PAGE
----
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As the Talloires Network of Engaged Universities celebrates its 15th anniversary with a new name and a new logo, it deserves a new messaging philosophy that more accurately reflects its new initiatives to build and support the university civic engagement movement.

A reevaluation of the Network’s outward-facing identity reached beyond correcting the areas of the website which were outdated: It included a revitalization of the language the Network uses to describe its mission, vision, values, and goals. It is only by reexamining our messaging on an ongoing basis that we can actively make our work and its presentation as equitable and inclusive as possible.

By updating our messaging framework, both on the website and throughout our materials going forward, the language we use to describe the Network will be more in line with our practices. While the language on the website may have been well-suited to the Talloires Network’s vision a few years ago, recent developments in our work, the field of civic engagement, and the world as a whole demand that we update this messaging so as to best represent our work today. At the same time, the Network must not abandon its founding spirit and defining attributes. An international focus, the involvement of university leaders ascivic engagement leaders, a belief in the power of building relationships between institutions of higher education, and an emphasis on collective action are just a few of the characteristics which are essential to the past, present, and future of the Network.

Since the university civic engagement movement is a relatively new phenomenon, its underpinning logic is not universally accepted and understood. We recognize and celebrate the diversity of ethical approaches to university civic engagement, supporting engagement in all its forms including community-based research, applied research, service-learning, experiential learning, extension, volunteerism, public service, policymaking, social entrepreneurship, and political activism. The definition acknowledges, for example, that standards about the validity of activism in academic institutions are rapidly evolving. The Network takes the position that racial justice is not a political issue but a human rights issue. Some of our members may view justice movements at higher education institutions as political, but that does not make them unworthy of attention from a scholarly perspective. The Network will talk about justice without engaging in partisan battles.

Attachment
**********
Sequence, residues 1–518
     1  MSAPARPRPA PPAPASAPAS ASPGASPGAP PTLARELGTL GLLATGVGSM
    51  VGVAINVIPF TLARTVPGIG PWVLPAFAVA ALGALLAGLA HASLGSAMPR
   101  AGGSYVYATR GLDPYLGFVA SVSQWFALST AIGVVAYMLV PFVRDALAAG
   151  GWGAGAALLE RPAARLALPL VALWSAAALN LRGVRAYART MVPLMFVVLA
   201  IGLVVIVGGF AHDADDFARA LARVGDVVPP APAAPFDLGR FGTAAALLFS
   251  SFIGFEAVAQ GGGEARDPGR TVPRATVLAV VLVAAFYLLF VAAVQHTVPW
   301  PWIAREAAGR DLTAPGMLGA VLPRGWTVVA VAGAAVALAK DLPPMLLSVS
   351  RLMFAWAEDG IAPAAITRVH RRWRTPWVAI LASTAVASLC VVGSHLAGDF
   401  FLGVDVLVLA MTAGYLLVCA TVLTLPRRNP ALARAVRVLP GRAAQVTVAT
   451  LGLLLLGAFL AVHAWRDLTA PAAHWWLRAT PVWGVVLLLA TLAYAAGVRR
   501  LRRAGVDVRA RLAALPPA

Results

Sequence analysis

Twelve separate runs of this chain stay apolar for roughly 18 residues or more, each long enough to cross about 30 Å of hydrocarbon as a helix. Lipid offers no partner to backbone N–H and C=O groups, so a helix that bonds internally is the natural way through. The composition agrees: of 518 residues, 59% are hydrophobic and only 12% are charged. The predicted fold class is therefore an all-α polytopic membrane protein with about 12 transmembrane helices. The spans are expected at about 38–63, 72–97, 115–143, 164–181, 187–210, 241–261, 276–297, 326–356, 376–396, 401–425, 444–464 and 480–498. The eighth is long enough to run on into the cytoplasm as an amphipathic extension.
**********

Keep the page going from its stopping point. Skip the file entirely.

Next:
A final recent development that warrants consideration when reimagining the Network’s branding is our mutual (re)discovery of possibility in moments of crisis. This development, though shared with the rest of the world struggling with the coronavirus pandemic right now, is less of a sea change in the civic engagement field and more of a shift within our own work. When the COV-AID program ends, and when the pandemic eventually ends, there are takeaways from the effort that can influence the direction of the Network going forward. For example, building from COV-AID, we can highlight the potential for engagement programs to improve from the baseline, even and especially in the face of crisis. The coronavirus pandemic has proven that extreme adversity provides fertile ground for innovations with effects that will reverberate long after the conclusion of the immediate emergency. Imbuing this part of our messaging with hope — hope not just of recovery but of resilience and reform — will help us frame the university civic engagement movement in terms of potential, affirmation, and shared purpose.

We offer our new messaging framework to illuminate the benefits of university civic engagement to all parties more clearly, facilitating the addition of enthusiastic signatory members and engaged members to our community. We encourage our members to invite others to join the global university civic engagement movement.

Anthony P. Monaco
President, Tufts University